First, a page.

Similar to previous studies comparing healthy subjects and those with T1DM, the latter presented significant differences in their NMR-assessed lipoprotein profiles, despite having a better conventional lipid profile [10,34]. It has been previously described that the lipid profile in T1DM patients with good glycemic control is ‘supernormal’, being characterized by lower triglycerides and LDL-C levels and HDL-C levels within the upper normal range [35]. This is explained by subcutaneous administration of insulin that increases lipoprotein lipase (LPL) activity in adipose tissue and skeletal muscle, and consequently the turnover rate of VLDL particles [36]. We found that participants with T1DM had a lower number of VLDL and LDL-P and lower lipid content in VLDL and cholesterol enrichment in LDL. However, they had a higher triglyceride content in LDL and HDL, revealing a triglyceride/cholesterol imbalance across lipoprotein subclasses. Insulin has an antilipolytic effect, promoting the storage of triglycerides in adipocytes and reducing the release of free fatty acids into the circulation [37]. In T1DM subjects, the normal portal-Peripheral insulin gradient is absent [38], which might also diminish insulin stimulation of hepatic lipogenesis. Thus, insulin therapy may reduce VLDL production by inhibiting the release of free fatty acids and by the absence of a direct inhibitory effect on the liver, which may partially explain these results. Nevertheless, some authors have suggested that hepatic lipase would be reduced (or at least not affected) in T1DM subjects, resulting in an inverse association between the hepatic lipase activity and the triglyceride content of lipoproteins [39,40].
The use of lipid-lowering drugs could have potentially influenced our results. 3-hydroxy-3-methyl-glutaryl-coenzyme A reductase (HMG–CoA) reductase inhibitors reduce LDL particles and fibrates may increase LDL size [41,42,43]. In the present study, 70% of participants with T1DM had dyslipidemia and 54% were taking lipid-lowering drugs—42 statins, one ezetimibe, one statin + ezetimibe and one statin + fibrate (with 56% of the participants achieving the LDL cholesterol goal of < 100 mg/dL). However, our results remained unchanged after additional adjustments for lipid-lowering drug medications.
Quantitative and qualitative alterations in lipoprotein subclasses have been previously associated with the development of late T1DM complications [44,45]. In the present study, arterial stiffness was associated with NMR-based LDL subclasses in healthy participants. Nevertheless, in participants with T1DM, arterial stiffness was mainly and independently associated with NMR-based VLDL subclasses. In these participants, aPWV was associated positively with total VLDL particles (and subclasses), VLDL triglyceride content and negatively with LDL and HDL particle sizes. These results remained unchanged after adjustment for classical cardiovascular risk factors and additional adjustment for T1DM duration, presence of chronic complications, glycemic control and insulin resistance and confirm previous report [8]. Thus, our results would be consistent with the presence of an atherogenic profile (beyond the LDL cholesterol content) in subjects with T1DM and could contribute to the high residual cardiovascular risk seen in these patients.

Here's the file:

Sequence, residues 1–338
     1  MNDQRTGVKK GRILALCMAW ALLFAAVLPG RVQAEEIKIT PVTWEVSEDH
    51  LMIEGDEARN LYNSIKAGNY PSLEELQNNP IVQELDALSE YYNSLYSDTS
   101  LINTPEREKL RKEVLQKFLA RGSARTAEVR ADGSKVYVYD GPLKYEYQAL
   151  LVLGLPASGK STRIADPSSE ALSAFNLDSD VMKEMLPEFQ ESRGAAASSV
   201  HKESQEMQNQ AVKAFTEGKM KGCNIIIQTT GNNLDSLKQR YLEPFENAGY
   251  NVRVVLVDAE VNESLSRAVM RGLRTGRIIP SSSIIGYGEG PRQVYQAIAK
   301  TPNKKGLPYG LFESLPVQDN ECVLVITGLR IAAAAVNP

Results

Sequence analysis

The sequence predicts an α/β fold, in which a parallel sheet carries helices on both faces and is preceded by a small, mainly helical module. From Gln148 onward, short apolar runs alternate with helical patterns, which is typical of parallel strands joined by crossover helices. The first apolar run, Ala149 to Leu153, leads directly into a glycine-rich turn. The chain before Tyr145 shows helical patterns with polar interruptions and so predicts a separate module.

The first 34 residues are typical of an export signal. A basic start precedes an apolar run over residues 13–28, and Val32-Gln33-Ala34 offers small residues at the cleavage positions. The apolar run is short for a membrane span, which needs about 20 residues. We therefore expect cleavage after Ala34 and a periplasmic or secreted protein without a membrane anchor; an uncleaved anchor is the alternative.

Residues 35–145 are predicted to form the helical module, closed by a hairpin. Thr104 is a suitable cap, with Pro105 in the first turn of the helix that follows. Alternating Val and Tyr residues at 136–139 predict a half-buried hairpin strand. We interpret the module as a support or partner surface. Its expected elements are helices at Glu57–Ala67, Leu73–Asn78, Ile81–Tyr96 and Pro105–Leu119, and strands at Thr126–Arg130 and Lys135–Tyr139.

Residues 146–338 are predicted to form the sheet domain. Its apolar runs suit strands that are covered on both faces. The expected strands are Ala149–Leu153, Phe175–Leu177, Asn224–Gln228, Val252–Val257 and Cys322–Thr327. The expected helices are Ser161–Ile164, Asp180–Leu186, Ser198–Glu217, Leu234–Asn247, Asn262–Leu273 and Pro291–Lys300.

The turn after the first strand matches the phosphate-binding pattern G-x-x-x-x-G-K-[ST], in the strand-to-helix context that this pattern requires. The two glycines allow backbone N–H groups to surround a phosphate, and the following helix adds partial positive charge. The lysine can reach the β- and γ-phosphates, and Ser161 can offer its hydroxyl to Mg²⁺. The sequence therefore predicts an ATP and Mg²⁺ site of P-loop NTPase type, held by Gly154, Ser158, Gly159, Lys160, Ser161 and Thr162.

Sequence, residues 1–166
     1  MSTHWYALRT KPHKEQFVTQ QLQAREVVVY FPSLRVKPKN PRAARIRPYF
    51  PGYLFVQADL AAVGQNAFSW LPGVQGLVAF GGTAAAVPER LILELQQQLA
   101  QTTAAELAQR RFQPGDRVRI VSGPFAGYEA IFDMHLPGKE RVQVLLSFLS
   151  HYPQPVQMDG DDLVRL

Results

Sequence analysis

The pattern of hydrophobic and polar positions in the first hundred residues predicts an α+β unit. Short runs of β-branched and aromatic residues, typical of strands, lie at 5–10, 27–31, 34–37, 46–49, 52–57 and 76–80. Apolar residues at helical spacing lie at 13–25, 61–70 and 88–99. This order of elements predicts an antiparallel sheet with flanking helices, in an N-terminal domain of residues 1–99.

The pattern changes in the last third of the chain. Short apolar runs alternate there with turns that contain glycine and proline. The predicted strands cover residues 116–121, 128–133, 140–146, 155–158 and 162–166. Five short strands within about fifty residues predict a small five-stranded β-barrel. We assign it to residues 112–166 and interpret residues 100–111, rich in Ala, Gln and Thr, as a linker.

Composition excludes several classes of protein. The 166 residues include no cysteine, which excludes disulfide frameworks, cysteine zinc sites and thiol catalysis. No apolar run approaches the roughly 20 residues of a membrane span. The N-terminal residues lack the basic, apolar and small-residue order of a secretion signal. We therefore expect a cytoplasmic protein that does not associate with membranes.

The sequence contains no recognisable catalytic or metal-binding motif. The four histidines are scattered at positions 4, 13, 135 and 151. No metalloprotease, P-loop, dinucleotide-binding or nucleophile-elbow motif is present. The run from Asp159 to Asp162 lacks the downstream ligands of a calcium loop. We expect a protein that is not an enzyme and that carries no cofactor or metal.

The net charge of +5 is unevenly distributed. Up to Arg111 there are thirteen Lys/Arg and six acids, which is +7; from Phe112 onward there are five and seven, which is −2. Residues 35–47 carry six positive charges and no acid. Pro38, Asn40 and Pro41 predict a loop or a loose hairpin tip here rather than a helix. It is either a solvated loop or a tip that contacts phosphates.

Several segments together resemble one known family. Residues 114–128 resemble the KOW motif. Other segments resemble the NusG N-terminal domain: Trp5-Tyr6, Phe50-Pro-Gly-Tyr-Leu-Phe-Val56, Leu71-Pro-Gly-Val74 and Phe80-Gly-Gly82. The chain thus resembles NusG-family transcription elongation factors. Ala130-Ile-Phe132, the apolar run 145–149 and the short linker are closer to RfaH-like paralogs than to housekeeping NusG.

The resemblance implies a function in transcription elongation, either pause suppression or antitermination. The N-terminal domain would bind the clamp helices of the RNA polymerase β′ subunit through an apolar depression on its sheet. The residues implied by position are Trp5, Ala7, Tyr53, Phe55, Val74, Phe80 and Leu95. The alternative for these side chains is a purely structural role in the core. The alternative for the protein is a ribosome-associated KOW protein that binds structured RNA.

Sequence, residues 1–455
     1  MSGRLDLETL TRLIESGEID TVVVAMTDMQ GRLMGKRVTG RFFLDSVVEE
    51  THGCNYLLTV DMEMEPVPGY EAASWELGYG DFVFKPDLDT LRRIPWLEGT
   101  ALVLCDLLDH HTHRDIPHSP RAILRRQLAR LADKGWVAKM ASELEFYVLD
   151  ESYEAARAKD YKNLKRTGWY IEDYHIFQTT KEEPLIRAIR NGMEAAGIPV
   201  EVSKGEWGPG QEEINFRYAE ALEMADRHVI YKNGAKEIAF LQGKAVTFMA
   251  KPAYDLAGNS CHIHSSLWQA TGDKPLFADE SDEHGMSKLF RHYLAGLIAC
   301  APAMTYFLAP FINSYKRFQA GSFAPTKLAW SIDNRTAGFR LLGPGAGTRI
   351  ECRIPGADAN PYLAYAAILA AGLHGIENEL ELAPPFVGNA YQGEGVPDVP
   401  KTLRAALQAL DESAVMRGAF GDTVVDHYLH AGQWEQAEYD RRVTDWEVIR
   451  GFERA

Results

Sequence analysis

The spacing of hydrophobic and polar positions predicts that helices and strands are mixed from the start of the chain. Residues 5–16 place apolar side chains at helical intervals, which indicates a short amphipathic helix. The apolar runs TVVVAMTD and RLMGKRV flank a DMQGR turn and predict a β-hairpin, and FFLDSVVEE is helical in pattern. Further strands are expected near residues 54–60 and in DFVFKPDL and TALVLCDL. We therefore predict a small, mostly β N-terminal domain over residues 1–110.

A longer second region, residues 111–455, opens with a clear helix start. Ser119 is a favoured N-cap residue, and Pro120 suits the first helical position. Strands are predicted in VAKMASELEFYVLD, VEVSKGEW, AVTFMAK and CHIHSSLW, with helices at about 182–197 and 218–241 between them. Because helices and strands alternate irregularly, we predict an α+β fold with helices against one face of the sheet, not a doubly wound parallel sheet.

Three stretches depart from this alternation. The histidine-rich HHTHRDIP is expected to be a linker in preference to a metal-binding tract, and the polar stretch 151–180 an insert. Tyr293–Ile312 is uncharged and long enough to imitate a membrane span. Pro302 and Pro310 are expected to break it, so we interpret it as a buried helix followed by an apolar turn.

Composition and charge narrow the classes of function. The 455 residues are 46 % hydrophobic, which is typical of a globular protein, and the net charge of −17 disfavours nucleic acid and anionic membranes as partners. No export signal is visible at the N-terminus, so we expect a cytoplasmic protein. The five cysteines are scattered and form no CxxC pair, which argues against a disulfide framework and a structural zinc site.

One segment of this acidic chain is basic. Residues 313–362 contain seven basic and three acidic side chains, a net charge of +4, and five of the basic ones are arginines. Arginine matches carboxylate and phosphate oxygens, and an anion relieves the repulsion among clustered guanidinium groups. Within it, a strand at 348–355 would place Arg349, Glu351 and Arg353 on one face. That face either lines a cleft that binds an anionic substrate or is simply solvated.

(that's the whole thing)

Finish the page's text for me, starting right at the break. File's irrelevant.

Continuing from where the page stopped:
In the general population, cross-sectional studies reported significant associations between NMR-assessed lipoprotein subclass profiles (mainly LDL characteristics) and subclinical atherosclerosis [46,47]. However, few studies assessed potential relationships between NMR-assessed lipoprotein subclass profiles and preclinical atherosclerosis in subjects with T1DM, and the results were contradictory [10,11,12,48]. When interpreting these studies, it should be considered that an increase in arterial stiffness precedes the development of intima–media thickness, arterial plaque and vascular calcifications in the natural history of atherosclerosis disease, although all of these findings are manifestations of subclinical atherosclerosis [49]. One of the aforementioned studies was cross-sectional and failed to find any clear association between NMR-assessed lipoprotein subclass profiles and coronary artery calcification [10]. By contrast, the DCCT/EDIC cohort study reported significant cross-sectional and prospective associations between NMR–derived LDL–subclasses and conventional LDL cholesterol concentrations with carotid intima–media thickness [11,12]. In agreement with our findings, the Pittsburgh Epidemiology of Diabetes Complications Study of participants with T1DM followed-up for a 10 year period found a significant positive association of large HDL particles, medium HDL mass and total VLDL particle concentrations with coronary artery disease [50]. Finally, only one study assessed the relationship between arterial stiffness and NMR-assessed lipoprotein subclass profiles in T1DM [48]. In that study, children with T1DM showed an increase in arterial stiffness, assessed as augmentation index—an indirect measurement of arterial stiffness [33,51]—despite having a less proatherogenic profile. No association between the two parameters was found in that study.